Only Together… Can We Save Our Rivers!

Only Together… Can We Save Our Rivers!

Every year, October 13 is observed as the International Day for Disaster Risk Reduction. Started in 1989, the day was ideated to promote a culture of global risk-awareness and disaster reduction. The key global campaign call for the 2021 event is “Only together… Can we save the planet” and the theme for this year’s edition is “international cooperation for developing countries to reduce their disaster risk and disaster losses”.

One area of cooperation which is seen as critical to reducing disaster related losses is “Early Warning” on hazards. Warnings are seen as key to risk reduction as well as climate change adaptation. Timely and accurate warnings are, then, all the more important considering the impact of climate change on the frequency and magnitude of extreme events. It is an oft-repeated fact that the history of human civilisation is intrinsically connected to rivers. Even today, the world’s most densely populated areas are flood plains/river basins. The rivers provide vital resources for subsistence and growth of people living near them. However, these rewards do not come without great risks i.e. that of floods.

Transboundary (and internal) cooperation on warning systems for floods is an integral strategy to the Transboundary Rivers of South Asia (TROSA) project in India. We work with stakeholders in Nepal, Bangladesh and Bhutan to disseminate timely information to the people in our project villages in the Saralbhanga, Sharda, and Brahmaputra basins.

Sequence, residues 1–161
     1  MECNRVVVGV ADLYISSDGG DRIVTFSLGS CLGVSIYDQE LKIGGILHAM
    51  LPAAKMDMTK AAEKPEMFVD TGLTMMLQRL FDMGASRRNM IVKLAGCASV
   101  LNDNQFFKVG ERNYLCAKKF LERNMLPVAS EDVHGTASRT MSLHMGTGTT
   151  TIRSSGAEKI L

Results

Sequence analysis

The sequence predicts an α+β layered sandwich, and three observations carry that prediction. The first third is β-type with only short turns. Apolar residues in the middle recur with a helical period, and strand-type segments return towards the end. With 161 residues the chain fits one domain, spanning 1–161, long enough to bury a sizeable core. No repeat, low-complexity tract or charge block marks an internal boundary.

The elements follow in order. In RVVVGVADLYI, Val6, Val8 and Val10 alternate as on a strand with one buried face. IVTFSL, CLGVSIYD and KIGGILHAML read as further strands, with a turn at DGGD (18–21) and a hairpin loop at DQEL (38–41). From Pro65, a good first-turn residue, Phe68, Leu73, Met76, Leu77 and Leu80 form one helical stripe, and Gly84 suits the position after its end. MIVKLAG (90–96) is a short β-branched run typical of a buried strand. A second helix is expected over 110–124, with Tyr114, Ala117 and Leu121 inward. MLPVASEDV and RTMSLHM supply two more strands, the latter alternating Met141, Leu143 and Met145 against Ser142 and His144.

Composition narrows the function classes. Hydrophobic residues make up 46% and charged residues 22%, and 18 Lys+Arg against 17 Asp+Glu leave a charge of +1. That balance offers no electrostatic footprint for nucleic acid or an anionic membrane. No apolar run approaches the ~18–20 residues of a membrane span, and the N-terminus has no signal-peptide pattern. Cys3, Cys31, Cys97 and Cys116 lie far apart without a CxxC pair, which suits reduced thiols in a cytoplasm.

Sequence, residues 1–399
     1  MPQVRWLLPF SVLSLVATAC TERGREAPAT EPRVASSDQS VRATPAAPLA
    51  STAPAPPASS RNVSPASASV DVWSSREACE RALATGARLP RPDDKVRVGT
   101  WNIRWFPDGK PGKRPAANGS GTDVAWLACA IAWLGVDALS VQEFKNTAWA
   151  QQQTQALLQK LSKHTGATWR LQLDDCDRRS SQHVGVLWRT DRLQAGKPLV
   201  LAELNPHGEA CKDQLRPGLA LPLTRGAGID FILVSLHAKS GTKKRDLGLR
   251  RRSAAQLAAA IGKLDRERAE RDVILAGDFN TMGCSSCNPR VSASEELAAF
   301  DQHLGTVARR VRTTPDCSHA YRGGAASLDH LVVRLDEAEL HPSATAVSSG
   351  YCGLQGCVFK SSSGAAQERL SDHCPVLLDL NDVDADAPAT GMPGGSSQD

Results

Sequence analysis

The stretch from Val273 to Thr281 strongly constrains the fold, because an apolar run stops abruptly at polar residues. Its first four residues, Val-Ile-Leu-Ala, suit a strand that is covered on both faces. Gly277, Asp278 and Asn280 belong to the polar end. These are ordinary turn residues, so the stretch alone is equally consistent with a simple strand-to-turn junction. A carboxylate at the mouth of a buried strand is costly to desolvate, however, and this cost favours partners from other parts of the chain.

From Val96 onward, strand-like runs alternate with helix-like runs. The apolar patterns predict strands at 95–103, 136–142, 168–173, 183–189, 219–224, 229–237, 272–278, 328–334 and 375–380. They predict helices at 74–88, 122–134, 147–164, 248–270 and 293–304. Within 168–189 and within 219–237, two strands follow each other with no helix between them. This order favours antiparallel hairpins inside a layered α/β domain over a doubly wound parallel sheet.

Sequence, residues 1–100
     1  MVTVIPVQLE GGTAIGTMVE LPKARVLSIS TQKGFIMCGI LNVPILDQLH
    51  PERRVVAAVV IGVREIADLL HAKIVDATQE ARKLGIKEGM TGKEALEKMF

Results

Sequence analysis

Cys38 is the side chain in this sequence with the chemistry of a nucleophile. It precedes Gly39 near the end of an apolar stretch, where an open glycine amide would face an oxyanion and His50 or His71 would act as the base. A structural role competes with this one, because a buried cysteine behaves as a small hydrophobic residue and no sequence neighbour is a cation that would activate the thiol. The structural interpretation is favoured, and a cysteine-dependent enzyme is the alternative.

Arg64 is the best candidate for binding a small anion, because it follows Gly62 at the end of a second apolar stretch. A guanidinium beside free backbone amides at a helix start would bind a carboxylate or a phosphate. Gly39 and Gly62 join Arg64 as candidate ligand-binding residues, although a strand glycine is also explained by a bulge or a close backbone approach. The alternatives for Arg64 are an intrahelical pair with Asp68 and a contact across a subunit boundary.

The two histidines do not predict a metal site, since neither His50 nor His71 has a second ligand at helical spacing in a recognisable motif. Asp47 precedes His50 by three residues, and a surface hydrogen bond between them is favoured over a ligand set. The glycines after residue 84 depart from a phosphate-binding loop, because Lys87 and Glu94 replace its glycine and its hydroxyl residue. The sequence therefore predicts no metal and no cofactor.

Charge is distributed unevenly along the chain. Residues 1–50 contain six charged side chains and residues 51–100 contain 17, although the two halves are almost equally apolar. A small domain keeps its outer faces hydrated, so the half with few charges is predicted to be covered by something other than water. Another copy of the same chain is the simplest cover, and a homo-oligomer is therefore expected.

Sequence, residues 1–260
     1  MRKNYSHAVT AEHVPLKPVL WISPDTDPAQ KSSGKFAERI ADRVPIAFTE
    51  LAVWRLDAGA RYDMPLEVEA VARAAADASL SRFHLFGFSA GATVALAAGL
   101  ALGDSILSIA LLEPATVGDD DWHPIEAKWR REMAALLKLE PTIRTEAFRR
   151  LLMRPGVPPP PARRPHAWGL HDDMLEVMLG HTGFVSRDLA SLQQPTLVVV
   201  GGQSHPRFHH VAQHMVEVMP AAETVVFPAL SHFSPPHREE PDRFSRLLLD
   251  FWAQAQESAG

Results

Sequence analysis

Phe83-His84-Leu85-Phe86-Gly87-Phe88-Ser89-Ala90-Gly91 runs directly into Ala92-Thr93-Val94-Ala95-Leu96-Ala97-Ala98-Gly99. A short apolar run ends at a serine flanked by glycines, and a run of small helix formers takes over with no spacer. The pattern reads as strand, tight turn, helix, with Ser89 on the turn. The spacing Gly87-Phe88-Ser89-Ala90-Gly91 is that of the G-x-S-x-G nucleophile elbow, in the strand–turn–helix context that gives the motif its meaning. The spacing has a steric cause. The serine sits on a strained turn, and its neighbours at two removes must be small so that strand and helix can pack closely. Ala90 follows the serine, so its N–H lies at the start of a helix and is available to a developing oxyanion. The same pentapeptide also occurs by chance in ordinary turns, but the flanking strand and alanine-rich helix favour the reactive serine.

Through a collective action and people-centred early warning system approach using the WG-CAN portal (including Adhikar-Vaani), TROSA has been successful in promoting a culture of cooperation in warning on floods. For instance, WhatsApp messages sent by cross-border friends from Sarpang, Bhutan are being used as informal early warning systems to people living along the Aie, Saralbhanga and Manas rivers in Bodoland Territorial Region (BTR) in Assam. Cooperation between the community and administration of the two districts has also resulted in maintenance of the headworks of the traditional Bodo irrigation channels, Jamphwis, by the Bhutanese authorities during border closure due to COVID-19. Interventions done under TROSA to foster cooperation such as the Kokrajhar call for action between India and Bhutan played a pivotal role in combating rumours and salvaging the situation.

Similarly, in the Sharda/Mahakali basin, a virtual transboundary flood warning simulation was carried out under the leadership of Oxfam in Nepal. As a build up to the transboundary simulation, a similar exercise was conducted at local level in India to gauge the time that the warning takes to reach to last point in the basin and the gaps that exist in current dissemination network. This is another example of cooperation in flood warning dissemination at the transboundary level. To foster this cooperation, TROSA in India has established a basin-wide network of youth volunteers along with a citizen’s forum for the river named, “Sharda Nadi Nagrik Manch”. These volunteers and forum members are the first point of contact for the warning messages. They then further disseminate the messages to the community members, completing the loop.